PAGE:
University of Pittsburgh
March 15, 2004

Pitt's Bach and the Baroque Presents American Premiere of Telemann's St. Matthew Passion of 1750

Contact: 

Sharon Blake

412-624-4364

Cell: 412-277-6926

Contact: Sharon Blake

[412-624-4364; blake@pitt.edu]

or

John Harvith

[412-624-4380; harvith@pitt.edu]

PITTSBURGH—The University of Pittsburgh's Bach and the Baroque Ensemble will present the first U.S. performance of Georg Philipp Telemann's St. Matthew Passion of 1750 at 3 p.m. March 28 in Pitt's Heinz Memorial Chapel, at the corner of Fifth and Bellefield avenues in Oakland. Tickets are $10 for the general public and $5 for senior citizens and students. For additional information, call 412-624-4125.

Telemann wrote 12 settings of the passion narrative by St. Matthew. The

St. Matthew Passion of 1750 is one of only six Matthew Passions by Telemann known to have survived. The only other modern performance of this work took place at the 2002 Telemann Festival in Magdeburg, Germany, the composer's birthplace. That performance was sponsored by the Telemann Zentrum—a German national research center dedicated to promoting Telemann's works—which has made the music available to Pitt.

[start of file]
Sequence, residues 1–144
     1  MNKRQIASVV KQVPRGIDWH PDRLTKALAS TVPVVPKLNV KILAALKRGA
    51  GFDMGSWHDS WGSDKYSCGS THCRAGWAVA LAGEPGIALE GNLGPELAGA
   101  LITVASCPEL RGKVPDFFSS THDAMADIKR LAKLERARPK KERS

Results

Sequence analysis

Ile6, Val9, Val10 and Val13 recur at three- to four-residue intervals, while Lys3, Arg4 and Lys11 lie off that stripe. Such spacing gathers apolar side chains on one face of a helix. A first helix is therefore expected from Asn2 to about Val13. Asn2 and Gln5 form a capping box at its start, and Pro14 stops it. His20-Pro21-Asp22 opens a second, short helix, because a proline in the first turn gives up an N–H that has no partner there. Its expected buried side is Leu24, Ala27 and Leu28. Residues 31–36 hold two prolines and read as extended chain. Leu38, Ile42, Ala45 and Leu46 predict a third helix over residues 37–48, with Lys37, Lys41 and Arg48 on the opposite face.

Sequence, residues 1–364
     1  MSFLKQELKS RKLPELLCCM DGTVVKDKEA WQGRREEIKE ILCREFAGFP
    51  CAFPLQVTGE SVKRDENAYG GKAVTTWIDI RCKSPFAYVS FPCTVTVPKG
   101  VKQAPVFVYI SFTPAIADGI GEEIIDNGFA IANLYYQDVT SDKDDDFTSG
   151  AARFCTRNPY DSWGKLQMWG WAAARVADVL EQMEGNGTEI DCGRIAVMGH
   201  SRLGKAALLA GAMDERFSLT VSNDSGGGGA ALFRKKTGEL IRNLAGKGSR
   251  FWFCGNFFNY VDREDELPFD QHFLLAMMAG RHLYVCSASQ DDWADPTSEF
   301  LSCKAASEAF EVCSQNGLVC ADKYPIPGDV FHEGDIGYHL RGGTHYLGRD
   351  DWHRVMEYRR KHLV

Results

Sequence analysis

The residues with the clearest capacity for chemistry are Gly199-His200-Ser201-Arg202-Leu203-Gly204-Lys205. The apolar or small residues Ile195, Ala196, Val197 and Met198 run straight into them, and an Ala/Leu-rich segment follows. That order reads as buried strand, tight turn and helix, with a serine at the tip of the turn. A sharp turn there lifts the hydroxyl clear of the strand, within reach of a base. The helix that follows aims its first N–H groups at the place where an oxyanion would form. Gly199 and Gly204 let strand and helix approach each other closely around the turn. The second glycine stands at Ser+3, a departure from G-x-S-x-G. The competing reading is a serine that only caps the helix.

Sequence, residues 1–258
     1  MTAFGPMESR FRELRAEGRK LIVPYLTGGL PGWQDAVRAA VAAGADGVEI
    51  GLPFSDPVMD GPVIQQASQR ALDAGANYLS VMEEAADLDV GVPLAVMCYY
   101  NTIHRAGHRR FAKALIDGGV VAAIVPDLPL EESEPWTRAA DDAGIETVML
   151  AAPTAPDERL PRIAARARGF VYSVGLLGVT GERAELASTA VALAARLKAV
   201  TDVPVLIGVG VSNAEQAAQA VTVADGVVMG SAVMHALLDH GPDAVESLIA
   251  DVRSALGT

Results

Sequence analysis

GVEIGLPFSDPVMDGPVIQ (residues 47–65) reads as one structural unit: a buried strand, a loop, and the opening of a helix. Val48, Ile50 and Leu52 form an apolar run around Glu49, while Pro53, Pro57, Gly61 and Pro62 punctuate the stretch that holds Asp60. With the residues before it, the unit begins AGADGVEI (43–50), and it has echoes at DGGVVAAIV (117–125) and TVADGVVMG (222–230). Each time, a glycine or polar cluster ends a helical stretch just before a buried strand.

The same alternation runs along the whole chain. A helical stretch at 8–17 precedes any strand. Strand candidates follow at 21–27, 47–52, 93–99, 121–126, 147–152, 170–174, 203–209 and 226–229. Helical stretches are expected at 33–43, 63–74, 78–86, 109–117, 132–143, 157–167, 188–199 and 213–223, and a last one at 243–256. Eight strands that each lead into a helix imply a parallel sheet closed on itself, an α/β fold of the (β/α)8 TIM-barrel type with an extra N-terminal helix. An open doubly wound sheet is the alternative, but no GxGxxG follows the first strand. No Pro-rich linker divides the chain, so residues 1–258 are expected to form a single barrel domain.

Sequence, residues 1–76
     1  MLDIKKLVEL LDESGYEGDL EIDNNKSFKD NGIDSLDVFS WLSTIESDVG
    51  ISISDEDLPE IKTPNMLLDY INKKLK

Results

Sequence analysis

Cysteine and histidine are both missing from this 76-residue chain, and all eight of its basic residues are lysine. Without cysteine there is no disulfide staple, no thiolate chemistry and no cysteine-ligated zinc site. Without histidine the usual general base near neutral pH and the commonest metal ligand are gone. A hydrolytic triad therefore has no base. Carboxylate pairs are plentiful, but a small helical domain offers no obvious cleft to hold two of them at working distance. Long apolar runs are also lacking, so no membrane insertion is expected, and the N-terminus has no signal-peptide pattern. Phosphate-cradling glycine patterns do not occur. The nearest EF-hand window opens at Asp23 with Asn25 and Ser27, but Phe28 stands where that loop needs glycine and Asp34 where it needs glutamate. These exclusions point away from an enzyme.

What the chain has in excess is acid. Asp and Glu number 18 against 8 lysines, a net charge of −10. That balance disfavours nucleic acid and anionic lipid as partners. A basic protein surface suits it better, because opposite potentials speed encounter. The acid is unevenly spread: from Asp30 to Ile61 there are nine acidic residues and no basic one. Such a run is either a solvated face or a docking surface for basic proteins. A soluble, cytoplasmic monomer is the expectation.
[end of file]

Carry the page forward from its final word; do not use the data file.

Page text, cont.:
According to Pitt Professor of Music Don Franklin, Telemann's 1750 St. Matthew Passion differs markedly from J. S. Bach's St. Matthew Passion of 1736, which was performed at Pitt several years ago.

"Telemann was regarded as a more fashionable composer, more in touch with current musical taste than Bach," Franklin explains. "He also, in contrast to Bach, was an opera composer. Many of his arias are more operatic in style than Bach's, his choruses more dance-like, and his settings of the chorales less harmonically complex."

The Bach and the Baroque Ensemble performance will employ 12 musicians who will play period instruments—strings, oboes, flutes, and a baroque organ—as well as six vocal soloists and a chorus of 20, all under the direction of Franklin. The vocal soloists will be tenor Robert Petillo; Pitt Department of Music Lecturer and Heinz Chapel Choir Director John Goldsmith, countertenor; Sara Botkin and Elaine Goldsmith, sopranos; Krista River, mezzo-soprano; and Sumner Thompson, bass-baritone. The performance will be sung in the original German; the audience will be provided with a new English translation [the work's first] by Pitt Department of Music doctoral student Jason Grant, who is writing his dissertation on Telemann.

Bach and the Baroque was founded in 1992 to perform the works of Bach and his contemporaries on period instruments.

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